Media, film and TV studies has overtaken physics in popularity as an A-level subject this summer.
The exam boards say changes simply reflect student choices
Those sitting physics exams dropped 2% to 28,119, while those choosing media subjects increased by 5.1% to 28,261.
The Institute of Physics said it was "crazy" that students were opting for subjects with "poor career prospects".
But Ellie Johnson Searle, director of the Joint Council for Qualifications, said they were making choices which suited their talents and future plans.
French in decline
The number of entries in subjects defined by the JCQ as "traditional" - English, art, classical studies, economics, geography, history, maths and RE - was 244,707.
The number in "newer" subjects - politics, psychology, law, media and sociology - was 122,461.
These equate to 31.2% and 15.6% of entries respectively.
Foreign languages entries rose overall, with Russian, Italian and Chinese accounting for much of the change.
But French entries fell by 4.4% to 14,484 and German by 7.7% to 5,901.
Dr Johnson Searle described the situation in French as "stark", adding that it had halved in popularity at A-level over the last 11 years.
Spanish entries, however, increased by 4.4% to 6,230 this year, overtaking German.
Dr Johnson Searle said the figure for physics was an "anomaly" among the general rise in science subjects, but students were basing their choices on their needs for work and gaining a place on a degree course.
Physics was less likely to be taken as a "third A-level" by non-science specialists than biology, for instance.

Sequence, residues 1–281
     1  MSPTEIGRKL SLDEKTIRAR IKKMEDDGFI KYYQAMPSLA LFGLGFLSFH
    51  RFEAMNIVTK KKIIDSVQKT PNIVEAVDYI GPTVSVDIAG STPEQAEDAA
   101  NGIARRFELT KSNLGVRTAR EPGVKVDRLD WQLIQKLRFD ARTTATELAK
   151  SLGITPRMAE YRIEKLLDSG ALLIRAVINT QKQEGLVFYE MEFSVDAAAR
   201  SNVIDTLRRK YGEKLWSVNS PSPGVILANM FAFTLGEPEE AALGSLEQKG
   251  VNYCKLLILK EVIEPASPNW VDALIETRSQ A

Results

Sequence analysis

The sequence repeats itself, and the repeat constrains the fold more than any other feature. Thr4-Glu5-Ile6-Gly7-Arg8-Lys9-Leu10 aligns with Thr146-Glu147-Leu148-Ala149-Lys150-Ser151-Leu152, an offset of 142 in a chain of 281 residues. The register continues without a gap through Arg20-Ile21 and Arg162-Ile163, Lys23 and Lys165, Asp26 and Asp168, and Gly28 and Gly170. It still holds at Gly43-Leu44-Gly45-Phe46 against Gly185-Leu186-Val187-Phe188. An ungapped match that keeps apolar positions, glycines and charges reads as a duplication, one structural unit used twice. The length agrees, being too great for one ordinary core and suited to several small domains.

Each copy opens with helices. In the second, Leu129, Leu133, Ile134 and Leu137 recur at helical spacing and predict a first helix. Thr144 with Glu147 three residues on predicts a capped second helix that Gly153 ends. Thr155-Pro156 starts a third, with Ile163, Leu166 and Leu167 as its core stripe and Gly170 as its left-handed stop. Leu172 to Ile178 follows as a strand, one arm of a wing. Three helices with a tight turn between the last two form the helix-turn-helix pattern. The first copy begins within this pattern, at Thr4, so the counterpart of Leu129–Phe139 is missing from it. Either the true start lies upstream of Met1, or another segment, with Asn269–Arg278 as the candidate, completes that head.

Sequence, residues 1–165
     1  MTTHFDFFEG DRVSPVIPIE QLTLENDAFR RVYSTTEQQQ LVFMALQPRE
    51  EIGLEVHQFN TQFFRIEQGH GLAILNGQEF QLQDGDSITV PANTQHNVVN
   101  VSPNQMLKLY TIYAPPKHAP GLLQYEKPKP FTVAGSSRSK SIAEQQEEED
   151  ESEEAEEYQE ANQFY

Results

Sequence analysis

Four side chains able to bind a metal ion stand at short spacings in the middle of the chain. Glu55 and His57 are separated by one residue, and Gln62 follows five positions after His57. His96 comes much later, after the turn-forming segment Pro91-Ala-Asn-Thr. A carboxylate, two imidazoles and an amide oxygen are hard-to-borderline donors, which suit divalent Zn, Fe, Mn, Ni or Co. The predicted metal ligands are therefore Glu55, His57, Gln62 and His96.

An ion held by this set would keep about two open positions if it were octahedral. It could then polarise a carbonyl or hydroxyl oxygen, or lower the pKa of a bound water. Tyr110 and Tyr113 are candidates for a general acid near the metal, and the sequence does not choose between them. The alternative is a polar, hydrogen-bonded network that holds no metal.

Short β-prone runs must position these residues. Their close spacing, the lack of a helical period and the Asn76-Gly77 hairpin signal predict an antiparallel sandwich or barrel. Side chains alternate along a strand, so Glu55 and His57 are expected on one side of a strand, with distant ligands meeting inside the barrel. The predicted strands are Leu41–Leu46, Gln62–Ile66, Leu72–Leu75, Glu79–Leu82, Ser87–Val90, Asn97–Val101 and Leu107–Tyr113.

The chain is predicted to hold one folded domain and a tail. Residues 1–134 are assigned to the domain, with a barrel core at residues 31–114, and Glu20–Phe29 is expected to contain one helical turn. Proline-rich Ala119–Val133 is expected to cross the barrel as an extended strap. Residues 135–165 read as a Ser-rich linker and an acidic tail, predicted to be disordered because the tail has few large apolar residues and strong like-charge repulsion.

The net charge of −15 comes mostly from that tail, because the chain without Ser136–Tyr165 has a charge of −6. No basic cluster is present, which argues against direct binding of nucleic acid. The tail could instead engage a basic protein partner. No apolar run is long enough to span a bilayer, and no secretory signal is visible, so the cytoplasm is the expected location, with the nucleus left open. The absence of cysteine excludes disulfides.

She added that universities were also less likely to ask for an A-level in physics than in chemistry, which increased 4.3% in popularity to 38,851 entries.
Robert Kirby-Harris, chief executive of the Institute of Physics, said the crucial issue was not whether A-levels were getting easier.
"It's about whether students are making the right choices of subject - choices which will give them the range of career opportunities they want and which will give the UK the supply of well qualified school-leavers that it needs.
"Students who take physics at A-level enjoy higher salaries in later life and have a much wider variety of career options open to them," he said.
"It's a crazy situation and we need to put more resources into good quality careers advice in schools."
Education minister Lord Adonis said: "I welcome the overall improvement in science entries, but the fall in numbers taking physics is a concern and we will continue to work closely with employers, schools and experts in the field to improve uptake, not least by girls."
Lord May, president of the Royal Society, said: "We are still facing a crisis in physics, maths and chemistry at A-level."
Entries in physics had decreased by 35.2% since 1991, while those in maths and chemistry had fallen by 21.5% and 12.6%, he added.
More than three quarters of this year's A-level physics candidates were male.
Added to this, the pass rate among boys rose by 0.5 of a percentage point but dropped by 0.6 of a point among girls.
Dr Johnson Searle said A-levels were still the "gold standard" and the public could be "very confident" about quality being maintained.
This summer, biology entries increased by 3.3% to 53,968.
This means it has overtaken maths, which itself gained 0.2% more entries than in 2004, with 52,897.
This was the only shift in the "top 10" A-level table, which English still heads with 85,858 entries - 11% of those for all subjects.
Numbers of students taking business studies, computing and information technology all fell.
Dr Johnson Searle said the focus in these areas was becoming more vocational, with industry-based courses gaining in popularity at the expense of A-levels.
Students typically already known their results in those courses, which are not released in the same way as A-levels.